Ahead of the winter freeze, WFP is racing to complete deliveries of food for impoverished Afghans living in communities that will be cut off once the bitter cold arrives and heavy snows set in – and in other parts of the embattled country, the food agency is providing assistance to victims of severe floods.
Thousands of people are in need of our assistance. We have to reach them before winter does – and that means within the next few weeks
Rick Corsino, WFP Representative in Afghanistan
With winter approaching, 21,000 metric tons of food – including wheat, beans, oil and salt – need to be positioned and then distributed to 600,000 vulnerable people located in over half the provinces of Afghanistan, before the heavy snows set in.
The operation is beset with difficulties posed by bad weather and increased insecurity due to the continuing conflict.
“Winter is a brutal time in Afghanistan. Hundreds of villages that are remote today will be impossible to reach within the coming weeks,” said Rick Corsino, WFP Representitive in Afghanistan.
“Right now our focus is on positioning food in these areas, as well as moving forward with our drought relief efforts in more readily accessible areas.”
Many areas of the country, especially the west, northwest and far east, are also affected by localised flooding at this time of the year.
WFP is now assisting Government and other agencies in relief efforts for over 24,000 flood victims in the provinces of Nangarhar, Badghis, Farah, Uruzgan, Faryab and Jawzjan.
In preparation for oncoming snows, WFP has already delivered 16,000 tons of food, or all of its planned winterisation assistance to the winter-affected provinces of Badakshan, Nuristan, Kunar, Ghor, Wardak, and Nangarhar - and more than 80 percent to Bamyan and Badghis provinces.
But poor road conditions, worsened by early snows and heightened insecurity along some key road corridors have impacted food deliveries to thousands of people in areas of higher elevation.
“Winterisation” deliveries to the central highlands province of Daikundi, in particular, have been hampered. Some higher mountain passes have already been closed due to early snows. Because of rains and snow, trips that might take three hours in the summer are now taking up to a day, or more.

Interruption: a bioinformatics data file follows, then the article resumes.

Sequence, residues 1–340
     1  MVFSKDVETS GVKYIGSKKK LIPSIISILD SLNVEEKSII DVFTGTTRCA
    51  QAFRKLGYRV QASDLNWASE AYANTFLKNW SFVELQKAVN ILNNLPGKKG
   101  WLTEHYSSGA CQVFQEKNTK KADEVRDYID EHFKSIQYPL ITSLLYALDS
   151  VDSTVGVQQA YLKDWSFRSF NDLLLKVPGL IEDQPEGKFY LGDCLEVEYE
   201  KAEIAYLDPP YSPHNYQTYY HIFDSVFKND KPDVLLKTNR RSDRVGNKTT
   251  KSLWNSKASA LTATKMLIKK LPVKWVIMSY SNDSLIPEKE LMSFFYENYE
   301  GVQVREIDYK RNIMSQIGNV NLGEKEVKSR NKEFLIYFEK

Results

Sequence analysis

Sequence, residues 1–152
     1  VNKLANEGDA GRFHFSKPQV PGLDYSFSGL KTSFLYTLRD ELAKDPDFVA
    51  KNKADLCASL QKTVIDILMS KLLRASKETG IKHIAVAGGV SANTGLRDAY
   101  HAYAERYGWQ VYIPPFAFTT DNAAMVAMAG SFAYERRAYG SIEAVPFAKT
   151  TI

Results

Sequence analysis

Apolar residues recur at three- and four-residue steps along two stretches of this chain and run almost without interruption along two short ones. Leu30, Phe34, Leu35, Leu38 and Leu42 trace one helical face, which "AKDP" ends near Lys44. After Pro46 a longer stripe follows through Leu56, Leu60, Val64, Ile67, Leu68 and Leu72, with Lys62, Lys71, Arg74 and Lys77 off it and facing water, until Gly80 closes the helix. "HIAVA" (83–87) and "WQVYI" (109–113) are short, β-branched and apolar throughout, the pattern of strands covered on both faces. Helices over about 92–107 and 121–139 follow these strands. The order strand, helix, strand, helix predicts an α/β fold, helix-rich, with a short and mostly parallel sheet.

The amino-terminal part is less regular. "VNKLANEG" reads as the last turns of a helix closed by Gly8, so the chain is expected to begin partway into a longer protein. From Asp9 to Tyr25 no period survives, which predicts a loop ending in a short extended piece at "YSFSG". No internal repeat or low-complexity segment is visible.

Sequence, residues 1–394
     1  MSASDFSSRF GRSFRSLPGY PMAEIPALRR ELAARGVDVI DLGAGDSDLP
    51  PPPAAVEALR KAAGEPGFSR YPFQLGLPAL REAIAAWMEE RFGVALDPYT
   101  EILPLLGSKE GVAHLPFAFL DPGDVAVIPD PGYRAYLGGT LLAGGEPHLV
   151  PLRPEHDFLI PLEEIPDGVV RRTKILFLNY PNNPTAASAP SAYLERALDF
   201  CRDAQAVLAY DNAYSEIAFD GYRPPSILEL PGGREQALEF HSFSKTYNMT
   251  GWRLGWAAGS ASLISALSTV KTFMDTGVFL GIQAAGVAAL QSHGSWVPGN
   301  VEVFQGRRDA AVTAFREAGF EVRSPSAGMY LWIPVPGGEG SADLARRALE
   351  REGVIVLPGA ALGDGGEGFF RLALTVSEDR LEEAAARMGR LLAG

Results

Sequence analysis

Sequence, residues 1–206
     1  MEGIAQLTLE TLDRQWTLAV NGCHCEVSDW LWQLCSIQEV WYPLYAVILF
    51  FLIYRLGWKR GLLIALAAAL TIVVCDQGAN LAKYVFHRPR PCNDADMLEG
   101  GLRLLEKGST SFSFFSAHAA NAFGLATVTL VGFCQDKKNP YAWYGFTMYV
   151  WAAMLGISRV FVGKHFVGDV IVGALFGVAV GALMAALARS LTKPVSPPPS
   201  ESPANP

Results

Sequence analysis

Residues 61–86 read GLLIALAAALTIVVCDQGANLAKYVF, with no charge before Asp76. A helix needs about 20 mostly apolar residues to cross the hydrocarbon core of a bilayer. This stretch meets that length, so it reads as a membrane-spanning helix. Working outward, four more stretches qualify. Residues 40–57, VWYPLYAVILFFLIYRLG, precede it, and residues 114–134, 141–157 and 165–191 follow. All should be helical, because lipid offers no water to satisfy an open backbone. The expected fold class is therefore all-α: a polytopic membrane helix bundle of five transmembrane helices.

“In the higher passes roads are barely wide enough to allow a single truck to move. So when a vehicle breaks down, or cannot progress because of snow or mud, traffic in both directions can be halted for several hours, or even longer,” said Corsino.
More than 1,000 tons of food are still en route to these locations.
“Thousands of people are in need of our assistance. We have to reach them before winter does – and that means within the next few weeks,” said Corsino.
WFP uses creative schemes to support both relief and development efforts.
These include food for the construction of roads to achieve or improve access, and wells to provide permanent water supply and other community assets; food for people attending training; and food for school children.
The very timely and generous response of donors has ensured there is food to meet these challenges and get the beneficiaries through the winter.
But because of the very long lead time between confirmation of a contribution and the distribution of the food to a hungry person, by March 2007 the Programme will face shortfalls in all commodities.
Further donations are urgently needed now to avoid such shortfalls, including 6,000 tons of fortified biscuits needed to enable the school meals programme to commence at the start of the new school year in March.